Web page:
The genius behind the design is the card mix and even the use of cards at all. While a Parcheesi-style game, unlike most of that genre Sorry! does not use dice. The use of cards just about guarantees evening out the luck factor. A typical game will see the players going through the deck several times, so everybody will get every card many times. The requirement for landing on home by exact count provides a lot of scope for come-from-behind victories as the guy in the lead can wait a long time for the exact card needed to get that last piece in.
Another key part of the game is the Sorry! card, which means no one is ever really out of the running. As a matter of fact, the more behind you are, the more you can use a Sorry! card. The leading player may very well have no pawns left in their start, so any Sorry! cards drawn are just a wasted move. Meanwhile, the unlucky player who's been landed on by everybody and anybody can get right back into things. There are 13 cards that can get a pawn out of Start (five 1's, four 2's and four Sorry!'s) so no player should despair about being behind. This, also, proves to be a good game-playing and life lesson that will be handy later on in life.
Like some of the other classic "family" games Sorry! doesn't get too much respect from the "serious" gamer, but it may deserve more respect than it gets. Sorry! lays the groundwork for more serious gaming later on, while being a lot of fun.

Wednesday, September 5, 2007

USAF has a big oops

The Air Force lost track of some nukes recently:
Much of the media coverage of this misses the point, surprise, surprise.
The important point is not that some nukes were flown over the country. That happens all the time. It used to literally happen ALL the time when we had bombers on alert 24 hour a day.
The key thing is that the bombs were not where they were supposed to be, and that is supposed to be impossible. Some serious heads should roll for this one.

Craig not out?

Now Craig's saying he might not go.
I have very mixed feelings about this case.
On the one hand, I think he's a hypocrite and he probably was trolling for sex in a men's room, which certainly isn't the kind of behavior we should expect from a U.S. senator.
On the other hand, I'm not sure what he actually did, (as opposed to what he might have done, if given the opportunity) amounted to a crime. I'd like my crimes a little more concrete than tapping feet and running hands along bathroom stall edges.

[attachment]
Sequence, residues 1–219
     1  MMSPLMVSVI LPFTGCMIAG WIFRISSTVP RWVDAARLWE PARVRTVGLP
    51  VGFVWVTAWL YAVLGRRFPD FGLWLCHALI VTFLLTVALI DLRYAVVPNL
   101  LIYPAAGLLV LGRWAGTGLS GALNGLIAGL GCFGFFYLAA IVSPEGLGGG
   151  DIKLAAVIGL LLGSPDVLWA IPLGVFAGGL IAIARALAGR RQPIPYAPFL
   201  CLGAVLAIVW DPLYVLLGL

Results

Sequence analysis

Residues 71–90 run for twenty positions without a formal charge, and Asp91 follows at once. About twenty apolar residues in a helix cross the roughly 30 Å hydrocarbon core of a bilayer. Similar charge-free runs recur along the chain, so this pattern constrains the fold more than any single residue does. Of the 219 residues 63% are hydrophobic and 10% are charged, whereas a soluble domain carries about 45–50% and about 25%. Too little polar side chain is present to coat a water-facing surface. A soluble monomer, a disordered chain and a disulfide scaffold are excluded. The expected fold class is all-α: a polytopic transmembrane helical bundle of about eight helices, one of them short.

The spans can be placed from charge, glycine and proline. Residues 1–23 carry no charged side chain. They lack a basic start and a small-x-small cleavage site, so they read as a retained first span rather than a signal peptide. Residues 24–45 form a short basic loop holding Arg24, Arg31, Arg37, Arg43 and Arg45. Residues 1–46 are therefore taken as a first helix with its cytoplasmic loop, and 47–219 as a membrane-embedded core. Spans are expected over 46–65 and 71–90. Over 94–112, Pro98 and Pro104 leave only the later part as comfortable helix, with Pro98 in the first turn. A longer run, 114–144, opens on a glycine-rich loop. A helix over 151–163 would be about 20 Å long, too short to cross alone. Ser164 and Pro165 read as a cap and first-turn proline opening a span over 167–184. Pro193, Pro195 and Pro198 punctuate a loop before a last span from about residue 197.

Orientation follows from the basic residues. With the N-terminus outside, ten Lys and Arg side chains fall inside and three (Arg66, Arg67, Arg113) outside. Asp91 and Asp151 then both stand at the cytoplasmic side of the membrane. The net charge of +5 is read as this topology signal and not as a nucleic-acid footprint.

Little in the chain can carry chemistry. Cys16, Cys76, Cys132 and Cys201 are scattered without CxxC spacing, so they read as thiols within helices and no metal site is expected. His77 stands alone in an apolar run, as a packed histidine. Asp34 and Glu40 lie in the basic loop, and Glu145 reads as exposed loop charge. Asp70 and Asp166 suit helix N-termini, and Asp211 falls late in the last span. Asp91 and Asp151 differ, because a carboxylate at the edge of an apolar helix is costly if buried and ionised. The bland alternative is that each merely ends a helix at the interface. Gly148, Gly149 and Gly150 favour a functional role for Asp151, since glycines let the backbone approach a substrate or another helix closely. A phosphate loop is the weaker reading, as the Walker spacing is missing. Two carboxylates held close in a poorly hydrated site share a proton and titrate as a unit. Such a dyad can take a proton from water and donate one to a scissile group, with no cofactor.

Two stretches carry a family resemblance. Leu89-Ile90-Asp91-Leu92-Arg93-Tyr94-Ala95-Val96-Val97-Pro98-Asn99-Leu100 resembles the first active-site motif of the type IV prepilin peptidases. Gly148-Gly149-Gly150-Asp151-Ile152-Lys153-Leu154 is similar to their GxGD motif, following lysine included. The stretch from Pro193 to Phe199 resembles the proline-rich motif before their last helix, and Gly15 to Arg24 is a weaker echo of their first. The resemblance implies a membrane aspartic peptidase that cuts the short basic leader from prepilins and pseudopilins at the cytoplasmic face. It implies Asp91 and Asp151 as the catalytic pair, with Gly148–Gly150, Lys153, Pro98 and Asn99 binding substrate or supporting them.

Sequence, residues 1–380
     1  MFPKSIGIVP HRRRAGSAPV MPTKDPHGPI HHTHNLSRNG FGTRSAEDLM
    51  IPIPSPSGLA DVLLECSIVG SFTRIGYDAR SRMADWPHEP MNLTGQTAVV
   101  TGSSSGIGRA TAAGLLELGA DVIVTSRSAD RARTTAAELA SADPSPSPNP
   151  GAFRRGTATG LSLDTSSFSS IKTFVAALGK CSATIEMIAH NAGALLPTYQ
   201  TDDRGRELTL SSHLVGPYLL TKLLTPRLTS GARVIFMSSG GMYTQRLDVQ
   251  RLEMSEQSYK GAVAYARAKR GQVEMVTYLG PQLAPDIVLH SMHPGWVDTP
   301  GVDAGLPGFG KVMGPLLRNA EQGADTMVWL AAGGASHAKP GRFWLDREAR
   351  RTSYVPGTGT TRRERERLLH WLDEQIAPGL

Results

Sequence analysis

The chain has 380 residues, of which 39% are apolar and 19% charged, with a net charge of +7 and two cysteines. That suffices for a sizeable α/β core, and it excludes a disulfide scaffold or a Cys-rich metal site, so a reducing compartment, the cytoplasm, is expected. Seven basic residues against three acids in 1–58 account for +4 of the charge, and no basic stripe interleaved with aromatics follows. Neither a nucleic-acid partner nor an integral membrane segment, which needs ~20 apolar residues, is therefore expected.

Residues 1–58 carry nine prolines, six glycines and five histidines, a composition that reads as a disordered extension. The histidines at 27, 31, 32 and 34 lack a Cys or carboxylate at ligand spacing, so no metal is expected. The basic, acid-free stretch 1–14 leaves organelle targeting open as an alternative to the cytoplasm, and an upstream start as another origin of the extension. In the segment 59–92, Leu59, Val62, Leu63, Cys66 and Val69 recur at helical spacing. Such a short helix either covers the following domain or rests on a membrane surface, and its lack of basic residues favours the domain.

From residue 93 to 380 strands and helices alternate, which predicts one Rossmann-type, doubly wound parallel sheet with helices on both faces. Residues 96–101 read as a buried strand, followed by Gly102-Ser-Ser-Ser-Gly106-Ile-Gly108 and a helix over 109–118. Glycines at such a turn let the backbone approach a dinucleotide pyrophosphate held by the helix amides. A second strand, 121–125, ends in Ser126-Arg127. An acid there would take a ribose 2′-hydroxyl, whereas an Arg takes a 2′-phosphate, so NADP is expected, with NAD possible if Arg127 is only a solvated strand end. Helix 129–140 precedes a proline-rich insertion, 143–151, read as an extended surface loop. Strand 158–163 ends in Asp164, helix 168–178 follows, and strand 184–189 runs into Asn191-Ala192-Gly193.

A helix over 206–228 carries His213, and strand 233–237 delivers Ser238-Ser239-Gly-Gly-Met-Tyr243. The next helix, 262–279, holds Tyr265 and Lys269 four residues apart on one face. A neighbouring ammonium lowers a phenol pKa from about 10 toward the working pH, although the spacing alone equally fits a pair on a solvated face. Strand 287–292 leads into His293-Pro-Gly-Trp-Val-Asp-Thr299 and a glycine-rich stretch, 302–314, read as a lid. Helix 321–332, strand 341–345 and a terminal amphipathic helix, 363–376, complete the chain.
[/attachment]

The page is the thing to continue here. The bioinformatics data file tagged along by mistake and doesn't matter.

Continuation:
Monday, September 3, 2007

Media cowardice

Apparently a couple dozen newspapers,including the Washington Post, are not publishing this Opus cartoon out of fears that it might offend Muslims:

Needless to say, none of those papers have refused to publish similar cartoons that might offend Catholics, Jews, or Evangelicals. Indeed, the point of a cartoon like Opus is to be provocative. If it doesn't offend someone (Republicans, Democrats, Corporations, Environmentalists, Soccer moms, human beings, ratty cats or penguins) then it's probably not a very good Opus.

It really doesn't serve the long-term interests of the media or Western society to self-censor like this. One of the fundamental ideas that have to become generally accepted among Muslims is that they will sometimes be offended, just like everyone else. So the Post and its several dozen like-minded (if weak-willed) colleagues, deserve their brickbats.

I'm proud to say that the newspaper I work for did run the cartoon.

Saturday, September 1, 2007


One of the truisms of fighting a counterinsurgency is the information war is vital. One unfortunate corollary of this is that there's a natural tendency on the military's side to start trying to manipulate the numbers. There's nothing wrong with making your best case and it's useful to try to influence the perception of all parties concerned so long as it's done smartly and honestly. But it's very important that the military doesn't lose sight of the true facts of the situation. It's very easy to delude oneself and tendencies in that direction have to be resisted. if they are not, reality will eventually bite you in the ass.
One of the worst failings of the current administration has been its willingness to not only spin, but apparently believe it's own spin. This can only lead to a disaster in wartime. We made a lot of fun of Baghdad Bob and his ilk during the first part of the war. Not only did he spout nonsense, but there's every indication he believed it. There was a case of an Iraqi general who was captured in his personal car by U.S. troops during that initial campaign who had no idea the Americans were in the city. Unfortunately, it's not so funny now, as evidence mounts that our side is doing the same thing.

From Obsidian Wings/Andrew Sullivan we find out that the military's accounting of Iraqi civilian deaths is getting funky:

UPDATE: IraqSlogger has a useful story on changes in the Pentagon's figures. A graph from the story, courtesy of Ilan Goldberg of the National Security Network:

And an explanation:
"Goldberg explains the abnormalities as best he can:
Abnormality A: Between August and November 2006, DOD started reclassifying “casualties” as “deaths by execution” and suddenly you see a dramatic drop in killings. For example, in March 2006 right after the Samarra Mosque bombings you go from 1,750 “casualties” to 750 “deaths by execution.” Between November 2006 and March 2007 “Deaths by Execution” becomes “Sectarian Murders” but the numbers remain the same.
Abnormality B: Between the March 2007 report and the June 2007 report there was a dramatic change in the number of killings that were reported for the second half of 2006. In both cases the numbers were described as “sectarian murders.” The impact here is that it makes the “pre surge” situation look extraordinarily dire and therefore signals progress thereafter.
Abnormality C: Somehow the reclassification that occurred between the March and June 2007 reports caused the violence numbers in April and May of 2006 to drop dramatically. This was in the months following the Sammara bombings in February 2006 when sectarian violence was escalating."